Here's Why Athletes Are Obsessed With Carefully Managing Their Micros - Men's Health Magazine Australia

Here’s Why Athletes Are Obsessed With Carefully Managing Their Micros

No we don't mean macros, we mean micros. - by Pip Taylor from PILLAR Performance
PILLAR Performance

We all know that when it comes to nailing your physique and elevating performance in the gym or on the track, it’s all about getting that macro ratio spot on. 

The right amount of carbs and/or fat for fuelling, protein and carbs in the ‘recovery window’ and protein plus more protein for max muscle gains. 

Simple, right? 

Except it isn’t that simple. 

In fact arguably it’s the micros – the invisible nutrients that are the real powerhouses when it comes to supporting the complexities of human health and performance – playing critical roles in immune function, hormone and enzyme production, longevity and cognitive function. 
Without optimal levels of micros, we simply don’t function, let alone perform. 

What are micronutrients?

Micros are the vitamins and minerals, antioxidants and polyphenols – including vitamin A, B C, D, E, K, and minerals such as iron, calcium, sodium, potassium. It’s these ‘hidden’ nutrients that are essential to our overall health and wellness, and deficiencies can cause lasting, significant health problems. 
Micronutrients are critical for virtually every process within the body including:
  • The production of enzymes, hormones, and proteins that are critical to body and brain function.
  • The regulation of metabolism, and the release of energy from carbs, protein and fats.
  • Heartbeat.
  • Bone density and growth.
  • Nerve function, production of neurotransmitters and DNA synthesis.
  • Immune function and inflammation. 
Mental health and mood have also been linked to adequate levels of these key nutrients. 

Micronutrition for athletes

Eating a broad spectrum of colours and variety of whole foods will generally maximise your micronutrient intake. Some micros are relatively easy to meet adequately. For instance, vitamin C is so common in fruits and vegetables that almost everyone gets enough day-to-day  by eating a single orange or by adding broccoli to their dinner plate. 
Other vitamins can be more difficult to obtain, meaning deficiencies are common. For example, vitamin D, which is important for bone health and strength (amongst other functions) we make mostly from sunlight, but is difficult to obtain from food. For people who work indoors, wear long protective clothes or are enduring a long winter, this means less sunlight exposure which can lead to deficiencies that impact immune function and bone health.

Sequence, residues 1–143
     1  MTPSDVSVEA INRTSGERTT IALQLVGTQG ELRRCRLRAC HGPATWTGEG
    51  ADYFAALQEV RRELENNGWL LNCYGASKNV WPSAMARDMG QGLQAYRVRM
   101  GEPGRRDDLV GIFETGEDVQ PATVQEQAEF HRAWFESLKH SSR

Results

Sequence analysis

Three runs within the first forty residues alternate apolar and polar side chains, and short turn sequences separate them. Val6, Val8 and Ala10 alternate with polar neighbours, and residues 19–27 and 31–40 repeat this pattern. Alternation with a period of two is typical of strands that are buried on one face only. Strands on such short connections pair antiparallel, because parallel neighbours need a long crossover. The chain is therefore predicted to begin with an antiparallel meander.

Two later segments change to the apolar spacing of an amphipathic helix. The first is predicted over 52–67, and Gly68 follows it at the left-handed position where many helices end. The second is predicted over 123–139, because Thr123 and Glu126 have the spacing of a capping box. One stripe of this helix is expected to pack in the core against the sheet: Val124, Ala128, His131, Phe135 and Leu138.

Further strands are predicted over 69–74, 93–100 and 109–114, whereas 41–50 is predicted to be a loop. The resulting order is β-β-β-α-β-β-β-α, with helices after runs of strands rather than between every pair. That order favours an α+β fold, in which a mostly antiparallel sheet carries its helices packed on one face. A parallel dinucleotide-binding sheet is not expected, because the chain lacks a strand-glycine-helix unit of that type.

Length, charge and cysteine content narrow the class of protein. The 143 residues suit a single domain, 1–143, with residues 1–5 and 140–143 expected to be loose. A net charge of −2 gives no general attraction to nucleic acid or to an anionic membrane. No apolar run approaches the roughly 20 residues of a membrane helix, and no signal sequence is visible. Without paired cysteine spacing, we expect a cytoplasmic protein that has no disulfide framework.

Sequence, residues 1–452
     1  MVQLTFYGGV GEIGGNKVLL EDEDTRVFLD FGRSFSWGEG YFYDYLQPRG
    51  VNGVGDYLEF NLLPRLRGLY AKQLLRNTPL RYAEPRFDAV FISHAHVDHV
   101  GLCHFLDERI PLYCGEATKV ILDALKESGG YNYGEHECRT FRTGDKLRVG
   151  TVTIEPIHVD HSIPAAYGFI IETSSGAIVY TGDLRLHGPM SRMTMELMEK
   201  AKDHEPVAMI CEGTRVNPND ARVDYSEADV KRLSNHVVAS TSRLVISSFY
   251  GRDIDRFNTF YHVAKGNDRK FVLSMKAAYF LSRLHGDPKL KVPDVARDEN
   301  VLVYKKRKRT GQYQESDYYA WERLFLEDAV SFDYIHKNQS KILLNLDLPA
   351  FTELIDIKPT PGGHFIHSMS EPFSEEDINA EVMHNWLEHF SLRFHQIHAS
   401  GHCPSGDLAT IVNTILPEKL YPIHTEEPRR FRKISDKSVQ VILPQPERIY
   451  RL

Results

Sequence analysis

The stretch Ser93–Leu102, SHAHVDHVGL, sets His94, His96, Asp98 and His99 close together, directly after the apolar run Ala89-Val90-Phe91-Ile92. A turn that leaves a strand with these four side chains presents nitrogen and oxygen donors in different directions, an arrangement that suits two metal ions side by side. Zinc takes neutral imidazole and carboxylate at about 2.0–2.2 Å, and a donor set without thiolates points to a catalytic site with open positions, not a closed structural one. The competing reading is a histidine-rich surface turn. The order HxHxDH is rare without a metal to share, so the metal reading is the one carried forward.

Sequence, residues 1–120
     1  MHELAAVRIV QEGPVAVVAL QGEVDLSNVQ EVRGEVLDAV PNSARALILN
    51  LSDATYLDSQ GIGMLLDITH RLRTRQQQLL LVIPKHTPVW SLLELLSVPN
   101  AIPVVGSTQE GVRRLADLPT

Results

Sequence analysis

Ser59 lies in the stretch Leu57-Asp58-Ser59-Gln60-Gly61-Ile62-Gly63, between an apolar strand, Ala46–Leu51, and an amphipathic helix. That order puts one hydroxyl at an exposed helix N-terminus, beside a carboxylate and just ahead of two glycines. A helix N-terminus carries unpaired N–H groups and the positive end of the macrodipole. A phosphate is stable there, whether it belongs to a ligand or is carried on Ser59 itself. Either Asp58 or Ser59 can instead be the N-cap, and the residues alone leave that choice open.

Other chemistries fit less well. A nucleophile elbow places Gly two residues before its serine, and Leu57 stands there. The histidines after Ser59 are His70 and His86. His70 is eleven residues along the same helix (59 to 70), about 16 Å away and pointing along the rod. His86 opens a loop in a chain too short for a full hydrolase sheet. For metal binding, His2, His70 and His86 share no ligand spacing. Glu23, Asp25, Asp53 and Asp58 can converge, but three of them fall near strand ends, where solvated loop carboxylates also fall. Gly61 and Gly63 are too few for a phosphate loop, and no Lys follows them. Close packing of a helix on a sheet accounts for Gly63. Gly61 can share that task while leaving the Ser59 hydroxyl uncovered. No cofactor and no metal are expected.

This is important for athletes to consider, and emerging research suggests that athletes may require even higher levels than previously thought to support consistent training loads. 

Heavy training may increase other micronutrient requirements – such as iron, calcium, and other antioxidants – which have been identified as micronutrients that athletes should pay particular attention to. 

At other times – whether through injury or illness – additional nutritional support may be warranted for tissue repair and a speedy return to play.  For hard training athletes the focus can (quite rightly) sometimes be on fuelling sessions or races. This generally means prioritising simple carbs, often refined sports foods and sugars, which while great for energy production and short term performance, do little to boost nutrient quality. Ultimately, this can mean that dietary gaps can quickly occur if you aren’t paying attention.  

 Other micronutrients that can be tricky to get sufficient in your diet include magnesium (found in leafy greens), which helps with sleep quality and stress reduction; vitamin K also found in dark leafy greens, and essential for bone strength and blood clotting; and zinc, key for immune function and found in shellfish, meat plus chickpeas and nuts and seeds. 

 For dietary gaps – whether caused by increased training demands; the need to support injury/illness; or the decline in micronutrients in modern foods – supplements provide a smart and easy solution, when taken under the guidance of a suitably qualified professional. 

There is no point taking supplements without knowing what deficiency you are trying to address or understanding what foods may boost or block absorption. Supplement quality is also important – to ensure you are getting what is listed on the label (and nothing else) and that the ingredients are high quality and efficacious – look for trusted brands and batch tested products. 
Understanding your individual requirements, as well as circumstances that arise amidst your training program are important to address with any nutrition routine. Speaking with an Accredited Sports Dietitian will help to have you covering all your micro and macronutrient needs for peak performance.

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